And when you think about it, you can understand why. Facebook gets a ton of online hype, but Twitter gets far more mainstream media coverage, to a point where it’s almost casual. As I’ve said before, you never see a TV news reporter, sports caster or live show turning to Facebook to check on the public’s reaction. That’s because they can’t, because despite their best intentions it’s still predominately a closed garden for many people. And that means the folks on TV and in the newspapers can’t get in and have a look around.
But they can on Twitter – it’s very easy to tap into mass reaction. So it gets heavily reported, and that starts to register with people, even non users. And before you know it, Twitter becomes the mainstream – on a truly global scale.
But let’s hold our collective horses. Facebook is still absolutely miles ahead. At current pace, Facebook should reach 1 billion users in less than two years. It will take Twitter more than five.
But that’s at current pace. What if things change? What if they change a lot? If Twitter doubles their userbase again in 2011, and with it their daily sign-up rate, and Facebook’s daily pace slows to around 400,000 or so, both will be on track to reach the magic billion by the end of 2013.
Okay, that’s a lot of coulda woulda shoulda. Plus we haven’t even talked about active users (which always matters).Â And I’ve made some outrageous, grandmother of all evil (and largely unsubstantiated) assumptions, but it’s not out of the realms of possibility. Far from it, in fact – it’s a definite six-pint maybe.
And in this crazy, social media obsessed, new dawn of a world, I’m afraid that’s about as much as you can ever hope for.
So says the official Twitter blog.
They also have an interesting (and we’ll assume definitive) chart that shows the top 10 most popular ways unique Twitter profiles use to access the service. Twitter.com is far and away the most popular method, but it’s quite a feat that Twitter For iPhone already has almost three times TweetDeck’s share – including TweetDeck for iPhone, too.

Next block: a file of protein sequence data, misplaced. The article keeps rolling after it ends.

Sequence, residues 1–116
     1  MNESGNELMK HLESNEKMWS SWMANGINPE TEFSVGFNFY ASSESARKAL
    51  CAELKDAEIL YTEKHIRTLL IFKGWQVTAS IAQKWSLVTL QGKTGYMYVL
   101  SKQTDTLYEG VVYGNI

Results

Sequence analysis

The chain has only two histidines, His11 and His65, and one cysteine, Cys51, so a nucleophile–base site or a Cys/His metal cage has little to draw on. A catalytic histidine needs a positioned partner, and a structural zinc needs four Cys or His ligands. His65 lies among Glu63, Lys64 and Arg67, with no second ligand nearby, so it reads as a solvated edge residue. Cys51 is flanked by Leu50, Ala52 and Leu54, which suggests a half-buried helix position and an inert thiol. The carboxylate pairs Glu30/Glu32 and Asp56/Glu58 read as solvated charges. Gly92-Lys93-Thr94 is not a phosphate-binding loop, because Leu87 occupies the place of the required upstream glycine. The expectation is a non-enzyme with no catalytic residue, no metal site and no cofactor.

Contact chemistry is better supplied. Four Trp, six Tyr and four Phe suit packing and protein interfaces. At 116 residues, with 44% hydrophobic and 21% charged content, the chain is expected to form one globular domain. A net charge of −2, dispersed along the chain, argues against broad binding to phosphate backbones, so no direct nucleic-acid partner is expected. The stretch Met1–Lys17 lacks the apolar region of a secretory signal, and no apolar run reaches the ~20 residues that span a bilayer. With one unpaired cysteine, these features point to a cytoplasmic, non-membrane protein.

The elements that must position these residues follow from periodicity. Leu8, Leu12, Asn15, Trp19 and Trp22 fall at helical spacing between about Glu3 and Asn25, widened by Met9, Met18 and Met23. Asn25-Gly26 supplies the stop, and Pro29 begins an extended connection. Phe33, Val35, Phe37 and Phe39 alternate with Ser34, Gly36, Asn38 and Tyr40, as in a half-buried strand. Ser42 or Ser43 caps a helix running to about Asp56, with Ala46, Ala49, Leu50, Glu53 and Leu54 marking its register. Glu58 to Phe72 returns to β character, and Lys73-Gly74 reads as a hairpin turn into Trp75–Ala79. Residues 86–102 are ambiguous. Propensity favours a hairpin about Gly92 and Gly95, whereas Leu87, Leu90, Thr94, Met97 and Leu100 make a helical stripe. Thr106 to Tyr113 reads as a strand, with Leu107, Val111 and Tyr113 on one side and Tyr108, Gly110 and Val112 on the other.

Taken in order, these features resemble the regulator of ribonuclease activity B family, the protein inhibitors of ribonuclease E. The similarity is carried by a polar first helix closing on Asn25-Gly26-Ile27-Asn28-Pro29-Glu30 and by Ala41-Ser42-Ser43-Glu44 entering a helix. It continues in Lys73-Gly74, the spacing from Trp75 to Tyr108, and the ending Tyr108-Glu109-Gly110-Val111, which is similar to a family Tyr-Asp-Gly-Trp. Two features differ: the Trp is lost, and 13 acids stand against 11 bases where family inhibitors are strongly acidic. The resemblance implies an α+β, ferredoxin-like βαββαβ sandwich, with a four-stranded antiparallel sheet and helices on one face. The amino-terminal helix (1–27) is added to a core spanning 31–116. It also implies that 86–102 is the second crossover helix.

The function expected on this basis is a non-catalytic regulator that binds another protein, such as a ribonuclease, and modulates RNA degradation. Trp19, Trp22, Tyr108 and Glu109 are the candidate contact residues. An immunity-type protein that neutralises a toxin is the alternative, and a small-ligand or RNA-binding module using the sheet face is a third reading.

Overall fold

The following chart shows the top ten applications people have used to access Twitter in the last 30 days. This is based on number of unique users. That is, out of all the people who logged into their Twitter account during the month, what percentage did so via each service. (The total is more than 100% because people often use more than one app.)
It’s great to see this kind of variety and growth in the ecosystem as it moves beyond basic Twitter clients. These new services help people get the most out of Twitter, contributing to user growth and new business opportunities–both of which are critical to the long-term viability of the ecosystem. We’re making great progress in these areas–we currently have more than 145 million registered users and the performance of our Promoted Products has exceeded our expectations. But we still have lots of room to grow and improve. We look forward to seeing what’s next.
145 million users is a leap of some 20 million since I last wrote about this in June, a number likely assisted by the significant growth in mobile users (which is up 62% overall since mid-April). More importantly, the platform is running a lot smoother since those heady days, although to be fair we aren’t up against a World Cup, so it’s not the best of tests. Still, as Twitter says, onward and upwards.